The roles or practices within the dialogic model exist in relationships that could be examined through another hermeneutic project. As I have engaged with the theoretical framework of the archetypal model, I have come to believe that I could enhance and enrich the model if I were to explore archetypal and depth psychology. I believe that including notions of shadow roles could further expand the circles of engagement, of alignment and willingness. Keirsey includes Paracelsus’ idea of monstrous and infantile characteristics in his discussion of the temperaments (1998). In Starhawk’s (1990 & 1999) work there are gilded and rust, inflated and deflated versions of the iron pentacle, which is connected to her model of group leadership.

A study of depth psychology would relate to the archetypes of dialogic process. My proposed theory and model of dialogue would be enhanced by combining the archetypal model with the mythic structures of the iron pentacle as personal mastery, and pentacle of pearl as world journey creating opportunity to develop a mythic narrative of dialogue as a life process. This would further the attempt to develop dialogue as a practice, as suggested by Isaacs:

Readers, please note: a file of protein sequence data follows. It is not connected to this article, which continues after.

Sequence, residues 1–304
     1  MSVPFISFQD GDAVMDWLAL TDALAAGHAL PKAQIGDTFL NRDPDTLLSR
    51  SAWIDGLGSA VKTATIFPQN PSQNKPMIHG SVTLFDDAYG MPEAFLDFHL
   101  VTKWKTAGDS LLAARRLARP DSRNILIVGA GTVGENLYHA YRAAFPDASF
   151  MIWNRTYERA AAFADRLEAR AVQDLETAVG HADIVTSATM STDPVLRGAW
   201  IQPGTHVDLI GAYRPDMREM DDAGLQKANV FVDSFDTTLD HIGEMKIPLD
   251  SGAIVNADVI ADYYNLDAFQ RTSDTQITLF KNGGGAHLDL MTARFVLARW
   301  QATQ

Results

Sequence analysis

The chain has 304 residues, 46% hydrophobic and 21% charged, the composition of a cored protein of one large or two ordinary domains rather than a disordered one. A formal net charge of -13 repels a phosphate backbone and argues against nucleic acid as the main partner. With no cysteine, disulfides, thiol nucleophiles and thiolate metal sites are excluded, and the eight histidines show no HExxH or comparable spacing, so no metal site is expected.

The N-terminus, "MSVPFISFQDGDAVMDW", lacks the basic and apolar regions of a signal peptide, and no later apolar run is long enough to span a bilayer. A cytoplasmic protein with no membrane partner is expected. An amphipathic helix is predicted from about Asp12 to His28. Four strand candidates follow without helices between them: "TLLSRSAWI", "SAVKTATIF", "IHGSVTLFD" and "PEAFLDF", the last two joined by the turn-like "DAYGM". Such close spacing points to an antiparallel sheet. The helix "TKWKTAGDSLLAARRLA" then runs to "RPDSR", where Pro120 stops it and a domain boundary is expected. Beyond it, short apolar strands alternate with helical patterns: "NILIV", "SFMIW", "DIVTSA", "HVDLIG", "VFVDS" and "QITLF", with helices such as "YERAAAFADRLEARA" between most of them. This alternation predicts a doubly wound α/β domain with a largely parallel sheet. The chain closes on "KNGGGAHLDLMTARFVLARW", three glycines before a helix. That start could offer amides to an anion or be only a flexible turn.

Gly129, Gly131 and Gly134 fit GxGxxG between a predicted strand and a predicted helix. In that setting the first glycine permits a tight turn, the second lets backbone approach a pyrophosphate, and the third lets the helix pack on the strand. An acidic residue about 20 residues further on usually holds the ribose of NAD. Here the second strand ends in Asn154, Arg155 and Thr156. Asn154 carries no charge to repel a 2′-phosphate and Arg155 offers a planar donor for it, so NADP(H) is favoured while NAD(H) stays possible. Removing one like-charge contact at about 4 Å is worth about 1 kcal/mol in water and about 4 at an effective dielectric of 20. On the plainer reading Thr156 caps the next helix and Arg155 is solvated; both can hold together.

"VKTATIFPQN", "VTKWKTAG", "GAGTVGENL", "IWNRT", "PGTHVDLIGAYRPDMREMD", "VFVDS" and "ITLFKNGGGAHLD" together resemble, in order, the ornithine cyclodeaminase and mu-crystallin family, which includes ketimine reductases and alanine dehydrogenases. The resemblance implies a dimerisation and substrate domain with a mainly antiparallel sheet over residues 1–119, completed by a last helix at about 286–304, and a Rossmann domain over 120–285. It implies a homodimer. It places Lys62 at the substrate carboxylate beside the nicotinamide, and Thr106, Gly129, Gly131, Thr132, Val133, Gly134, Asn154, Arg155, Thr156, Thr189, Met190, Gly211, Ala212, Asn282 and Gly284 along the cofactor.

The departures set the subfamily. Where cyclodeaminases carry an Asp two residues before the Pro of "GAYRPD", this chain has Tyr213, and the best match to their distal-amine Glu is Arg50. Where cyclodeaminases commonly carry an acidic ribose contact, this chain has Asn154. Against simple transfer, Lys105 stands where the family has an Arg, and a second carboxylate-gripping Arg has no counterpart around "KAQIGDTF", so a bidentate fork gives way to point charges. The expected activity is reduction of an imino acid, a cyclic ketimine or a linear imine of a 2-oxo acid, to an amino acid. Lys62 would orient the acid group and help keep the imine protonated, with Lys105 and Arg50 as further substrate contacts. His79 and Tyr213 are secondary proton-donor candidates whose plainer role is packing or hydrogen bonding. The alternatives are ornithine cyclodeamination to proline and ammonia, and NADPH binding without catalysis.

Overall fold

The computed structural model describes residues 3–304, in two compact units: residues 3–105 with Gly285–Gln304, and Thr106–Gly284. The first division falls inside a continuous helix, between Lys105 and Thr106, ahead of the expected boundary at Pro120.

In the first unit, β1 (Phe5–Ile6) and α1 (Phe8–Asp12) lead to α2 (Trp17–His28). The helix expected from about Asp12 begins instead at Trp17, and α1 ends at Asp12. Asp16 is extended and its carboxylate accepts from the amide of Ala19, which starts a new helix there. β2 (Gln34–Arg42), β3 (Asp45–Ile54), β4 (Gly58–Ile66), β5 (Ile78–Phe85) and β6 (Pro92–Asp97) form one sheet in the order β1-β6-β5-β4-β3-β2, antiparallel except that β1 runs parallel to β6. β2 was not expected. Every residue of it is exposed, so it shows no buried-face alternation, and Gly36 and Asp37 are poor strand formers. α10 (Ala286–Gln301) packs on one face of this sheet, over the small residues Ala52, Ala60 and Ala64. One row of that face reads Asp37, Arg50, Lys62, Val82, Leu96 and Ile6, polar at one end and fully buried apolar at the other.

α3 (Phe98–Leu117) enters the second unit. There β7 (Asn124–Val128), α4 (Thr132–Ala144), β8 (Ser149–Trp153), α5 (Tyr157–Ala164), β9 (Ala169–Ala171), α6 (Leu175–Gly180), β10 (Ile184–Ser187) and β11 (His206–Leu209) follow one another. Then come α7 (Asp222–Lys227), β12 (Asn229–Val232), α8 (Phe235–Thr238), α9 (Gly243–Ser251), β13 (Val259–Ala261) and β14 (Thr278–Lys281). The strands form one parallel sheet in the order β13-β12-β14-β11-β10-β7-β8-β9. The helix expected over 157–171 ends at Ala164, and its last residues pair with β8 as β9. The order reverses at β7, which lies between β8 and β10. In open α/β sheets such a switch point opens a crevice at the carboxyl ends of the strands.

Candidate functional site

“The practices I recommend for dialogue are not fully developed in the same way that some others mentioned are. After all, yoga and the healing arts have been under conscious development for several thousands of years. I believe that dialogue, to be effective in groups and in larger social settings, requires a similar kind of development, a set of practices that can help us to understand it and let it blossom” (1999a, p80).

Posted by John Bell on December 10, 2006
Tags: The Fifth Principle of Dialogue

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